New Terrace? Which Paving?

4 Written by Lisa on 26th Aug 2011 in Design Tips

I’ve written before about designing yourself a gorgeous terrace, when I gave you some tips to help you to get the most from your entertaining space. But what about the finer details? How do you make sure they’re right too?  What material you use on the terrace will of course affect the whole look and feel of the space so I thought it would be helpful to give you a few tips about choosing which to use.

Paving is the obvious choice for a terrace of course but there are many types and finishes you can choose depending on the ambiance you are trying to achieve.  An informal English cottage-style garden will command a very different material to achieve the right look and feel than a contemporary modern, minimalist garden will.  Reclaimed bricks, York stone and gravel will work wonders in an informal space, something with texture and rough edges, but for a contemporary garden you’re more likely to want a smooth stone with sharp edges and not much variance in colour.

Each has its challenges of course.  Reclaimed York stone is very time consuming to lay because no piece has the same dimensions and the large stones will require 2 people to lay them.  Sawn smooth stone will be much quicker to lay because the sizes will be uniform, but a light coloured stone will probably need to be sealed to help it to stay clean, if you don’t then an accident with a glass of red wine may haunt you forever.

Natural stone paving will always look better than a manufactured product, but your budget will obviously dictate what you can have.  There are some budget sandstone products out there which look great and are fine to use on pedestrian traffic areas. Natural stone always looks better if you need to make cuts because the cut edge will look the same as the uncut edges.  Concrete products, when cut, will expose the concrete so do ensure that any cut edges are laid so that they can’t be seen.

If you terrace is north facing then you’ll also need to consider the material you use.  York stone can be really dangerous on damp shady areas as it’s porous nature attracts moss and algae – you would never use it round the edge of a swimming pool either.  Sandstones are better in shady areas but if you want the York stone look, there are alternatives – Porphyry is a non-porous greyish stone that works perfectly in areas that could get slippery.

For more informal sitting areas, decorative aggregates can be a good choice.  They are free-draining and can be topped up if necessary, great for an informal garden as you can create planting pockets easily.   Not as easy to sweep of course, but a good rake will do the job.  When using aggregates for pathways you need to choose an angular cut mix.  If the individual stones are too rounded it will be difficult to walk (think pebble beach!) – angular stones will knit together better and provide a more solid standing.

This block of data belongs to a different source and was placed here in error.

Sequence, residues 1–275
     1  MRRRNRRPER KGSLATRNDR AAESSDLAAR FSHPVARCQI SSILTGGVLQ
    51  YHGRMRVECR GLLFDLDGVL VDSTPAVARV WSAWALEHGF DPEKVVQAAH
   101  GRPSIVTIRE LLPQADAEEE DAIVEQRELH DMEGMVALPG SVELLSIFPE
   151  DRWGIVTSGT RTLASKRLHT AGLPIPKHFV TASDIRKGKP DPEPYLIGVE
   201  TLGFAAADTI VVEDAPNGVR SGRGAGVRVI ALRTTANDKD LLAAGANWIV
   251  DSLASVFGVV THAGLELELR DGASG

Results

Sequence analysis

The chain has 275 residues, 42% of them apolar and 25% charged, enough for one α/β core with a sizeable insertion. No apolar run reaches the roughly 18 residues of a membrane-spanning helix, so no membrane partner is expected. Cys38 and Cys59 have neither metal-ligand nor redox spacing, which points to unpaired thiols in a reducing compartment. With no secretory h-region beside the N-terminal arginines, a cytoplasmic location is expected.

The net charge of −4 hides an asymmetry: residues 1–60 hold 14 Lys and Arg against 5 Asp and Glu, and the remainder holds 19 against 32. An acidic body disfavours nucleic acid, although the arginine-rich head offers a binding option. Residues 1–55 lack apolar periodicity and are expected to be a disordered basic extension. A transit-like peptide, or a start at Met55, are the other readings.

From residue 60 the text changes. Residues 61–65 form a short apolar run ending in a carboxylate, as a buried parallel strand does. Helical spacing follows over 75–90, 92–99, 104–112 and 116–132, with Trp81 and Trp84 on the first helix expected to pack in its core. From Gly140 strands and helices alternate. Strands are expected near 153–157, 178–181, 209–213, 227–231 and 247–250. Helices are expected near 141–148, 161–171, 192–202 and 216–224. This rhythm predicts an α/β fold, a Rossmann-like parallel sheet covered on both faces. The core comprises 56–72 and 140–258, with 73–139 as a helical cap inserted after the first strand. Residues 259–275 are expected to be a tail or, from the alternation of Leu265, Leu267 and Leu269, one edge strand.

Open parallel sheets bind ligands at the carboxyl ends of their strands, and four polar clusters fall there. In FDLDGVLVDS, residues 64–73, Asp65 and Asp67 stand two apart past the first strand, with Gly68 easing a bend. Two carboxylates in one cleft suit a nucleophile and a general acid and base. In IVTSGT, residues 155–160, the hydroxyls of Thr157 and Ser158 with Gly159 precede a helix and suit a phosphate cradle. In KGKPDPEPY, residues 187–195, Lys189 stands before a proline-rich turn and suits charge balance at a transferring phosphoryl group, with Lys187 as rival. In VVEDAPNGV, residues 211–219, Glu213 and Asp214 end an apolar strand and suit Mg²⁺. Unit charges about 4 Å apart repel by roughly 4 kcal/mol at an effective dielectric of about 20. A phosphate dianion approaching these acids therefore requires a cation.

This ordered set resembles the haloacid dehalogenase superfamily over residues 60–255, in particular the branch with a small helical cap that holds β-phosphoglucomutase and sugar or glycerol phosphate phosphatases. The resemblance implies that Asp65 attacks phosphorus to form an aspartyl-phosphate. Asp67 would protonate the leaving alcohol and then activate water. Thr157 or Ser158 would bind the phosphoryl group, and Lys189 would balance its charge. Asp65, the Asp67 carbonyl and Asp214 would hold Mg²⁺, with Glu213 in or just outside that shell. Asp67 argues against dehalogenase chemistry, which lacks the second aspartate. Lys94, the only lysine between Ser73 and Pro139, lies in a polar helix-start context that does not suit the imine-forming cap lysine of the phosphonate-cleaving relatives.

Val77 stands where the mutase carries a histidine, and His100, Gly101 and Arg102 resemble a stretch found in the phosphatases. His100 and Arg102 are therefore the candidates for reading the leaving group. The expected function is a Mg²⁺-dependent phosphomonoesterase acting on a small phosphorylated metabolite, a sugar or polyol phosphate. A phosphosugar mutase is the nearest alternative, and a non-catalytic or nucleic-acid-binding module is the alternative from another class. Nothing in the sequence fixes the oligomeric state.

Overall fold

Related Posts Plugin for WordPress, Blogger...

4 Responses to “New Terrace? Which Paving?”

  1. susan oakley says:

    We are just having contemporary extension to our Victorian house including new hall and front and really struggling with the steps and stone for the paving. We are cladding the new front hall in western red cedar and the original large front door will be surrounded in a frosted additional frame, but what stone for steps? It is a red brick house.

  2. Lisa Cox says:

    Hello Susan. For a traditional material with contemporary feel, you could go for something like sawn York stone. It’s a good idea to go to a local stone supplier and see what they have. Take some samples home and look at them in-situ too (both wet and dry) to see what looks best with the brick…there’s red brick and red brick! The cedar will silver eventually so you’ll need to consider that too.

  3. Lisa Pannier says:

    I do prefer the hard, sealed surface as I find aggregate hard to maintain. Brick paving is good if there aren’t any issues with ants and roots etc. My favourite is the natural stone! 🙂

  4. Lisa says:

    Yes me too, but sometimes aggregates are the only way to go especially when budget is restricted.


Leave a Reply

Lisa Cox Welcome

I specialise in helping families to turn their gardens into an extension of their home and into a space that can be used and enjoyed all year round.

read more >

Sign up to the Newsletter
Thank you for signing up.
Let me create the Right Garden For you click here >
Find me elsewhere
Twitter
Website

Websites by Flourish, Guildford, Surrey